COLUMBIA — Jefferson Junior High School reading teacher Anna Osborn achieved National Board for Professional Teaching Standards certification in November, a high honor for teachers.
"I was overjoyed," Osborn said. "National Board takes a lot of work, and it really made me feel validated that all of my hard work paid off. Anyone who goes through this process knows that you're doing it to become a better teacher. We're constantly trying to become better at what we do."
Osborn began the National Board certification process in 2004 when she was living in southern Louisiana, but Hurricane Katrina hit, and she moved to Columbia. She began teaching at Jefferson Junior and tried again for certification. She didn't achieve it at first but asked for an appeal and finally became certified.
"Anna is an incredible find for us at Columbia Public Schools," said Mary Laffey, assistant superintendent for human resources. "It's a specialty, and we have people who set the bar high for themselves and to benefit the children and the community.
The National Board certification process can take up to three years. To apply, teachers must have taught for three years and have a state certification. Teachers from all levels and subjects can apply. Teachers submit portfolios with student work, their own written analysis of their teaching, examples of work done outside the classroom such as working with student families and videos of themselves teaching. In addition, there is a written assessment with six essay questions pertaining to their area of education.
"I think the best part of the process was that it forces you to step back and look at all the things you do as a teacher and organize it in your brain," Osborn said. "It makes you a great teacher and gets you to seek out colleagues who have gone through the process who are good at what they do."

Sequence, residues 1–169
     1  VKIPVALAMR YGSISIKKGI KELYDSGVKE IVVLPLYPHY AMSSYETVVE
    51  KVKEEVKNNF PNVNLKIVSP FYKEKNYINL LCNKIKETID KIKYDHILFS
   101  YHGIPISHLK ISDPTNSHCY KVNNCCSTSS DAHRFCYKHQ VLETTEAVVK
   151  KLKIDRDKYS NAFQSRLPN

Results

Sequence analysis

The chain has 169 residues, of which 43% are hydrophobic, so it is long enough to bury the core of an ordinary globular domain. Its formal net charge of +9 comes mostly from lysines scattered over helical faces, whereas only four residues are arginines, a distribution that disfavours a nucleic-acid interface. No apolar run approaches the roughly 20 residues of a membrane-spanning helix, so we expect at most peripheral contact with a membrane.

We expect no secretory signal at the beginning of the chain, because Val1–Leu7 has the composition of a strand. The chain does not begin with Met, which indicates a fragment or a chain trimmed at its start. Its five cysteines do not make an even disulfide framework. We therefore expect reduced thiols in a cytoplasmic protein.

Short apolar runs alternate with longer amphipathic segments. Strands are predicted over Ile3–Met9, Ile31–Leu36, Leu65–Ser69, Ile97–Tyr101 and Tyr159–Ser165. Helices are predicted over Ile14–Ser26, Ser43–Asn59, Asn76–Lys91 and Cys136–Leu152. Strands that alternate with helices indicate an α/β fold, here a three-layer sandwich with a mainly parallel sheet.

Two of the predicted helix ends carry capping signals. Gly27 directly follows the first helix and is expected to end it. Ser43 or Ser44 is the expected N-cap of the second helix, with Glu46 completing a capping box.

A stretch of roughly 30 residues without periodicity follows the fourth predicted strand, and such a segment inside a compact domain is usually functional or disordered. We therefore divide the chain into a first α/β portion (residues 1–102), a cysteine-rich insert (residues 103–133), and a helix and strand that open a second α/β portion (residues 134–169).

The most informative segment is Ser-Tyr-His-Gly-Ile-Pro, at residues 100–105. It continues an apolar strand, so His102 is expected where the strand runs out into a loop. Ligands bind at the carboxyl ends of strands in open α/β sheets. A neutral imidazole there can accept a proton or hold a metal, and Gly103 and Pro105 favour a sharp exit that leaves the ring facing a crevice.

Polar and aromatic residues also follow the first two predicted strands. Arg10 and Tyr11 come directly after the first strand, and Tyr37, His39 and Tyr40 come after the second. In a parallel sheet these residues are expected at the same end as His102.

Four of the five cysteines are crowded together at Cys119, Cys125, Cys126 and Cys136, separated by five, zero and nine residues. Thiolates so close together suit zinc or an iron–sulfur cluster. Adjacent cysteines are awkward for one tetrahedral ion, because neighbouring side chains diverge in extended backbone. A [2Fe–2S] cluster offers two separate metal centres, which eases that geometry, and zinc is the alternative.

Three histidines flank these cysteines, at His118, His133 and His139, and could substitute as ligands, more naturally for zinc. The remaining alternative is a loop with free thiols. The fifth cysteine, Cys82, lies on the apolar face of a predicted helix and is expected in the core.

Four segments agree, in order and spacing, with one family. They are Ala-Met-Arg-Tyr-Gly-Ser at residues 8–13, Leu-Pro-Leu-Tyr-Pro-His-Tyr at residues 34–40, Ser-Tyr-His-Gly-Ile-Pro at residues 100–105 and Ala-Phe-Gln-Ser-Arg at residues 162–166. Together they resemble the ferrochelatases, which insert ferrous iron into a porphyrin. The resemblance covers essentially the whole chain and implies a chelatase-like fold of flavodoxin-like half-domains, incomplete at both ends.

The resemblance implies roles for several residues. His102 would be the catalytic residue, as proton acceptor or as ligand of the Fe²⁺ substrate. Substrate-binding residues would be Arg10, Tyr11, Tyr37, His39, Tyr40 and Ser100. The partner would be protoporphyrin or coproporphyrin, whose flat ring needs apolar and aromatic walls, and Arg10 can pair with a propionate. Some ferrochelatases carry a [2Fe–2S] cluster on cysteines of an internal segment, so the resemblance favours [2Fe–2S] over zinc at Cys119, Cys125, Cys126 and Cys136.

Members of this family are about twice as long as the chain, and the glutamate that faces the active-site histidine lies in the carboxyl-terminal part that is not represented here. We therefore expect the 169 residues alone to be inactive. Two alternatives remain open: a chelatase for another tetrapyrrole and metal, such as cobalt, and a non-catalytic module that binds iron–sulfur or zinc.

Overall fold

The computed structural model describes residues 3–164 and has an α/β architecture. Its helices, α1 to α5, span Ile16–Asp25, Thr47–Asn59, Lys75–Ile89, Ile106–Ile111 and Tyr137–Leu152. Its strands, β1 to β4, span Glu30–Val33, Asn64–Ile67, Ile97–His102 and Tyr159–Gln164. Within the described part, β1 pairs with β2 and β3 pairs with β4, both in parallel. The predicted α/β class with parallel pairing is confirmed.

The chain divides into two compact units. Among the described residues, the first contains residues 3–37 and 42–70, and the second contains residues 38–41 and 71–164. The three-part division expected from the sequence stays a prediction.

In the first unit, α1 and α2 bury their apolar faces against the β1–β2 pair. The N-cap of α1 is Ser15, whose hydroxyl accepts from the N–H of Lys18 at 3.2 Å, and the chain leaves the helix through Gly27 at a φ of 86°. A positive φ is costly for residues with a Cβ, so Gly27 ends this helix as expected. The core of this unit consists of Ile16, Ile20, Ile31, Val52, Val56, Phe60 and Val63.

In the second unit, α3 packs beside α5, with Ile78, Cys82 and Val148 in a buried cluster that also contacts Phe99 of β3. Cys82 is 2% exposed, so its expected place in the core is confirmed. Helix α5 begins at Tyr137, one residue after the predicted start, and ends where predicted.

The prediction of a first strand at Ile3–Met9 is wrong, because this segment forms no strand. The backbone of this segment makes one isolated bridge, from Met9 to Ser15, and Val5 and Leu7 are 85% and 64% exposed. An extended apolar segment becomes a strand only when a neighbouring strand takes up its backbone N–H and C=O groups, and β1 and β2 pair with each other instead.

The assessment costs $2,500 with an additional $65 application fee, but scholarships are available, according to James Minichello, media relations director for the National Board for Professional Teaching Standards, the organization that administers the certification.
Students taught by National Board certified teachers have higher gains on achievement tests than those who are taught by teachers without the certification, according to a study by the National Research Council.
National Board certification also improves teacher retention and professional development, said Minichello. Additionally, achieving National Board certification adds $5,000 to a teacher's salary in Columbia, according the the Missouri Department of Elementary and Secondary Education Web site.
Columbia Public Schools ranks fourth in the state, with 29 National Board certified teachers, according to a news release from .
"It shows the level of caliber of teachers in the district," Laffey said. "The standards are extremely high, and it represents a level of personal commitment."
This year, 76 teachers achieved certification in Missouri, which ranked 19th in the nation. Nationally, 9,600 teachers were certified, setting a record for the second year in a row, Minichello said.